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New evidence submitted to a London court suggests that Royal Dutch Shell downplayed the size of two pipeline spills in Nigeria and that the company ignored reports that the pipelines were faulty before the 2008 incidents.

Internal reports and communications submitted to a London court earlier this week show that senior Shell employees were worried that pipelines in the Bodo region of southern Nigeria were at risk for failures before the spills.

Shell claims the spills were caused by thieves breaking into the 180,000 barrel per day arm of the Shell operated Trans Niger Pipeline.

A joint investigation conducted by Shell Nigeria in partnership with Bodo and government agencies concluded that about 4,000 barrels of oil were spilled during the incidents.

Amnesty International now claims that the spill may have been as large as 100,000 barrels within a 35 square mile area after performing its own investigation into the matter.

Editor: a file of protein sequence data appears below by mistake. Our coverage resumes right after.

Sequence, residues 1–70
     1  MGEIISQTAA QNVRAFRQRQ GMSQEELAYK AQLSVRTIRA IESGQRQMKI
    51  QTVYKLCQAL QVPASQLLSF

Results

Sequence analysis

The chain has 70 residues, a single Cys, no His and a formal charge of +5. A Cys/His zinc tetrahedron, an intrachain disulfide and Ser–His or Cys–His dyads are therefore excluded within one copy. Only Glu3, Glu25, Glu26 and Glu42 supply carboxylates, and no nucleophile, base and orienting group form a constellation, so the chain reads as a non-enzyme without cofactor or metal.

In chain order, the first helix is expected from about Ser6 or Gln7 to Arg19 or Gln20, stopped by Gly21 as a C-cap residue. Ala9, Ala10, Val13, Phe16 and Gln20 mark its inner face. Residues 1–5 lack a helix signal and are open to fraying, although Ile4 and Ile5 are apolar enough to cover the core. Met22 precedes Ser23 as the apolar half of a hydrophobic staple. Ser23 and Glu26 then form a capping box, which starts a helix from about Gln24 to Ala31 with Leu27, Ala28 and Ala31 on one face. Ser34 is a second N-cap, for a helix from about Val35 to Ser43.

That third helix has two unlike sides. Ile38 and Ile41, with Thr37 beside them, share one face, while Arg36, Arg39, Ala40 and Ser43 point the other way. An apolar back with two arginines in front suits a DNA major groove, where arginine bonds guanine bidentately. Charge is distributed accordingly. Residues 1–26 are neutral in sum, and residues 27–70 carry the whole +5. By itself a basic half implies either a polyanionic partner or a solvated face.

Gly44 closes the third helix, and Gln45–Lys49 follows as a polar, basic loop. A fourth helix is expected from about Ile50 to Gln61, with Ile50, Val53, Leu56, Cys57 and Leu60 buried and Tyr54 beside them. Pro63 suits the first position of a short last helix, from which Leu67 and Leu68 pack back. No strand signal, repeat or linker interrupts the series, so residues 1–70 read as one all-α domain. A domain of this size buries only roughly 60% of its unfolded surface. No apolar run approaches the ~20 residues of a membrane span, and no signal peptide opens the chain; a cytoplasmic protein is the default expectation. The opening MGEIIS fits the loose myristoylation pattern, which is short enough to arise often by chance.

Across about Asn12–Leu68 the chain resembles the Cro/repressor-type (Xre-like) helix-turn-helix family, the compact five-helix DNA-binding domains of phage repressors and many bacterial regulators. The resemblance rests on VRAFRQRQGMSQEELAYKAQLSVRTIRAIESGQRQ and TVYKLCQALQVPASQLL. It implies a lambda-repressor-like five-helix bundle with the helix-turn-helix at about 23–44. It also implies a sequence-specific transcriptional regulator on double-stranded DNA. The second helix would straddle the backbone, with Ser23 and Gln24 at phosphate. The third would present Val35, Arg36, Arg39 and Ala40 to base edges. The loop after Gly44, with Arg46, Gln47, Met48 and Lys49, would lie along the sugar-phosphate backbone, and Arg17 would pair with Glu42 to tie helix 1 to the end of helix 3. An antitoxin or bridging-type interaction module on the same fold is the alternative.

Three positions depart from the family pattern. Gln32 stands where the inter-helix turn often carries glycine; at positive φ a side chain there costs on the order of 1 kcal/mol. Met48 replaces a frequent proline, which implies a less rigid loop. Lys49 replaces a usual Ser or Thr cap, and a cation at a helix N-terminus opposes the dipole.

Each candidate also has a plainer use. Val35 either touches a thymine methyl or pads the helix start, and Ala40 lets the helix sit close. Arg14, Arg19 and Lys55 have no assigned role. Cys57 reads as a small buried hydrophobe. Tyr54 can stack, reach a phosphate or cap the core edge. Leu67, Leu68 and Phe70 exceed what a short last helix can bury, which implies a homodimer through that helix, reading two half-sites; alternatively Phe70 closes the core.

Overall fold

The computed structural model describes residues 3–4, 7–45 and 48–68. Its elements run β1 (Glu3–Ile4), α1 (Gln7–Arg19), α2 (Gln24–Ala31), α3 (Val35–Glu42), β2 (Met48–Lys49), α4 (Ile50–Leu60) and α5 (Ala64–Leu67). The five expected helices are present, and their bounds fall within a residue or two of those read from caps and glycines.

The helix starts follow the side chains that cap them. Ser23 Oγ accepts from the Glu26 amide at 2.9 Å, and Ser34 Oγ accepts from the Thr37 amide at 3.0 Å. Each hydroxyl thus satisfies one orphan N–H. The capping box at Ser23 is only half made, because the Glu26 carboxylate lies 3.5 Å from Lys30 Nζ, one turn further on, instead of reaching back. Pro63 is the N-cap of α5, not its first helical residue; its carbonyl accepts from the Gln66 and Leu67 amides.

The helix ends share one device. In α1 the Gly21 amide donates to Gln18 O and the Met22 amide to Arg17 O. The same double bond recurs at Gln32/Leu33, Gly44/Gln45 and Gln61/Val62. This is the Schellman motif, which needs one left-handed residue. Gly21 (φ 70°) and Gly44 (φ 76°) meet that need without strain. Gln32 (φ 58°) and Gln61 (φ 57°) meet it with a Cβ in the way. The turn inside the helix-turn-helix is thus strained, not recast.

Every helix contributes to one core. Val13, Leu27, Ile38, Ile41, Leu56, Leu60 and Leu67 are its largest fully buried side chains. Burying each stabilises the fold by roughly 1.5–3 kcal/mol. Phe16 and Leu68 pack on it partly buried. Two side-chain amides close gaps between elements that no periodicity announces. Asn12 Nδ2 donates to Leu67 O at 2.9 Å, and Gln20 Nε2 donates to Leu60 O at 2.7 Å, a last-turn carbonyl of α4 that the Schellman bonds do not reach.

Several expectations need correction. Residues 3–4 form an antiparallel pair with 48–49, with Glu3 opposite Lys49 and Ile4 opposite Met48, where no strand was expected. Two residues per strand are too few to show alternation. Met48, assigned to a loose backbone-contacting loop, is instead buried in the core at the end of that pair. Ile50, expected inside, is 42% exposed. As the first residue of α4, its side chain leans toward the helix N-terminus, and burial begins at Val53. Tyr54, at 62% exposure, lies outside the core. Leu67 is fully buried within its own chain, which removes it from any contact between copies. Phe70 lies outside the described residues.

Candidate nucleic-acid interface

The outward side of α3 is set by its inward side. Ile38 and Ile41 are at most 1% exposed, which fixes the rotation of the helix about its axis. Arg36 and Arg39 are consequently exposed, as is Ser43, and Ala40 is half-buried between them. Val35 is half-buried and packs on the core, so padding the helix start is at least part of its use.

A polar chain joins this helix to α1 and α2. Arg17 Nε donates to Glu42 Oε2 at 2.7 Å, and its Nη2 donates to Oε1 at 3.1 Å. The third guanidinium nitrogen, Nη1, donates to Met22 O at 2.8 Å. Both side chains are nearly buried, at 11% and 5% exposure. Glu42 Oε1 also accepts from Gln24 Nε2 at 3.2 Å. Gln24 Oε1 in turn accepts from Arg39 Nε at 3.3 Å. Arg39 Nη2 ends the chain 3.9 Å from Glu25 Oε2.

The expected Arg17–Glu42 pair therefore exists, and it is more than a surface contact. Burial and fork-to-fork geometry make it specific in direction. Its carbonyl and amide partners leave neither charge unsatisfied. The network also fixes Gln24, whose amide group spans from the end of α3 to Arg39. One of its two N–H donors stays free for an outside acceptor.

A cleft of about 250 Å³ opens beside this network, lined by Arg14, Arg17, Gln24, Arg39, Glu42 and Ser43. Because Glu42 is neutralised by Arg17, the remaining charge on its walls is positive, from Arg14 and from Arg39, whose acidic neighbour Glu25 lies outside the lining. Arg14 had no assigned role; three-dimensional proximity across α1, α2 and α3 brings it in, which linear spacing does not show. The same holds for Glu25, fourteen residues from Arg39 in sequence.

The agency also alleges that Shell knew the pipelines were at risk for rupture but failed to act.

Shell said Wednesday that it accepts that size of the spill “is likely to have acceded Joint Investigation Visit estimates.”

However, the company maintains that it did not knowingly continue to use a pipeline that was unsafe.

Court documents seen by the BBC include a letter sent by Shell Nigeria’s managing director Basil Omiyi two years before the spill to the governor of Rivers State in southern Nigeria expressing concern over the state of the pipelines.

“There is a risk and likelihood of rupture on this pipeline at any time, which if it happens, could have serious consequences for the safety of life, the environment and the nation’s economy,” Omiyi wrote.

Shell told the BBC that it “dismisses the suggestion that it has knowingly continued to use a pipeline that is not safe to operate.”

Shell is currently being sued by about 15,000 farmers and community members who claim that the two spills permanently damaged their livelihoods.

In June Shell won a ruling that limits the scope of the damage assessments to actual damages caused by the accidents.